Average annual return is a metric created to evaluate long term investment performance. It allows the investor to look back at investments to see how they have performed through time, and also gives buyers a basis for projecting future performance as well. Astute investors will perform regular and systematic evaluations of their investments, and average annual return is a handy tool to help them do those. It is important to remember that this is just a number without much meaning if it is not examined in the context of the performance of the market overall for the selected time period.
As investors (and as humans), we have the tendency to be more than a little subjective on the investment choices we have made. Even purchases we made a decade ago, like annuities, still seem like a good idea based on the thoughts we had at the time, even if the last ten years have proven that the investment was a dud. It is hard for investors, especially those of us who are successful overall, to admit when we were wrong. And it is hard to know when is the right time to cut our losses and pull the plug on an investment vehicle. Having a reliable metric that reduces an investment package to a number makes it easier to be objective about things.
An emotionally detached evaluation will make it clear whether out investments are living up to our expectations, or whether they are really underperforming versus the market as a whole and against other investments of like type. To meet your goals as a buyer, you need to be sober and vigilant in the evaluations of the different portions of your portfolio. To make an accurate and sober assessment based on fact, the right tools are needed. The investor has to be familiar with some specific formulas and understand how to plug them in and when. The lingo of the industry should not mystify a savvy investor. Being familiar with the terminology is the key when it is time to evaluate.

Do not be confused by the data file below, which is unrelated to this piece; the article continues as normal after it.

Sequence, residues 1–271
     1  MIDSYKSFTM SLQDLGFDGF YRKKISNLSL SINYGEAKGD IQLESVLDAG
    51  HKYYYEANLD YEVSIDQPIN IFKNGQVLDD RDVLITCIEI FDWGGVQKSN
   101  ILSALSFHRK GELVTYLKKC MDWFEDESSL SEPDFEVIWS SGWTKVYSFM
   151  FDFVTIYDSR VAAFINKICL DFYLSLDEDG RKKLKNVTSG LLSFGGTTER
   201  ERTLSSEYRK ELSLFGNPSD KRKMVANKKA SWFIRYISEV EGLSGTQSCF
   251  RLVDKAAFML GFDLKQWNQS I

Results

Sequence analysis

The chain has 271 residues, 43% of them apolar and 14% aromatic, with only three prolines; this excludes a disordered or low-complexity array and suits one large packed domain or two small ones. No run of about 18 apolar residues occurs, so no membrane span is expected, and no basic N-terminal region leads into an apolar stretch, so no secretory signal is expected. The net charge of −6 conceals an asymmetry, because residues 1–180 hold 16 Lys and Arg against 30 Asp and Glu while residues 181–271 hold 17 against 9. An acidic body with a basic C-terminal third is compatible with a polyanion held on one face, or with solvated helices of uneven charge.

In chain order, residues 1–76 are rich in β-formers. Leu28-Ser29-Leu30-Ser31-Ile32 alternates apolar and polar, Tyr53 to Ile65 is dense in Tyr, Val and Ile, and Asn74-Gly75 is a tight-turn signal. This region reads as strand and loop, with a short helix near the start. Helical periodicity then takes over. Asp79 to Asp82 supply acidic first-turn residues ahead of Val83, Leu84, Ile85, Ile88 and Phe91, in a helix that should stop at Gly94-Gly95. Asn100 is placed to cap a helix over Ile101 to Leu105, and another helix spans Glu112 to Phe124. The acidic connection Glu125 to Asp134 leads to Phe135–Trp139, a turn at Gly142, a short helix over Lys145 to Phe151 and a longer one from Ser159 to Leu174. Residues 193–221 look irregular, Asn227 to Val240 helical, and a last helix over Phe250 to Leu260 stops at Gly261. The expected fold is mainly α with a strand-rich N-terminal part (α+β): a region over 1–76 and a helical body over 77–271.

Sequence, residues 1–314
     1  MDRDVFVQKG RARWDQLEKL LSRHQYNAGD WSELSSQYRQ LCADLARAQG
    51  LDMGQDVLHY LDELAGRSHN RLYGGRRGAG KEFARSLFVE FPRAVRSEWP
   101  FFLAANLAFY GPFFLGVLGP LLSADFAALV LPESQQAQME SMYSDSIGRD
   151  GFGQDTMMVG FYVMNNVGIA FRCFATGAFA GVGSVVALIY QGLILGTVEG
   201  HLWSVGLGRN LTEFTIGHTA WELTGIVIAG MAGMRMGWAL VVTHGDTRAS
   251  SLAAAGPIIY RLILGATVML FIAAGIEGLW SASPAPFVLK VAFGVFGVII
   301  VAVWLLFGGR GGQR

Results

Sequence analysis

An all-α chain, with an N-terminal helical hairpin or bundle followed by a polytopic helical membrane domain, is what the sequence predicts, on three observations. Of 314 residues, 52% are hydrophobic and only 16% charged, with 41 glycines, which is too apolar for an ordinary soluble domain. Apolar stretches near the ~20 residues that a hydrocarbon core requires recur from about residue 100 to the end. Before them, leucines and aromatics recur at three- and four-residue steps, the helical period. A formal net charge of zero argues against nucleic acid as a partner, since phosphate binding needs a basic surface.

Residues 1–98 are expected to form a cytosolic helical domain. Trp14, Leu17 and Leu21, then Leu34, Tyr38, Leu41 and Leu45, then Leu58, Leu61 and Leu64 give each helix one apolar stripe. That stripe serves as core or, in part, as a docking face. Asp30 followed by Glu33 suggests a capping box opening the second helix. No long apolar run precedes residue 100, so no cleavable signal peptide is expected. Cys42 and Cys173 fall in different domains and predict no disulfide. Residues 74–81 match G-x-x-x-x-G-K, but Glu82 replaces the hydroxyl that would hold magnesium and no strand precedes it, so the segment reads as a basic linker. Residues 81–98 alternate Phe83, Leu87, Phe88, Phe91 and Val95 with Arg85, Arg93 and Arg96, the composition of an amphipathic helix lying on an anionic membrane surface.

As an investor, you have to remember that the only goal of investing is to make money. If your investments are not producing a strong average annual return, then they are just taking up space in your portfolio. What's more, tying up investment cash in these products prevents the investor from selecting winners to buy into. If profits are not there and annual return is weak, your investments are underperforming and significant changes are in order.
Average annual return is used to report on the historical performance of an investment. This figure takes into account expenses that have been incurred as well as reinvested dividends and distributions of capital gains. It is important to think of average annual return as an historical figure. Some investments are volatile by nature, and thus their value may jerk up and down from month to month or quarter to quarter. But over a three, five, or ten year period, if an investment is not outperforming the market and at least keeping pace with other investment vehicles of its kind, it is time to consider pulling the plug.
Again, you can't do something more positive with the money tied up in a bad fund until you cash out and get whatever principal remains. Investments that have displayed a poor average annual return should be replaced with strong historical performers. Consult with a financial advisor about ways and means for apples to apples comparisons on investments across type and industry.
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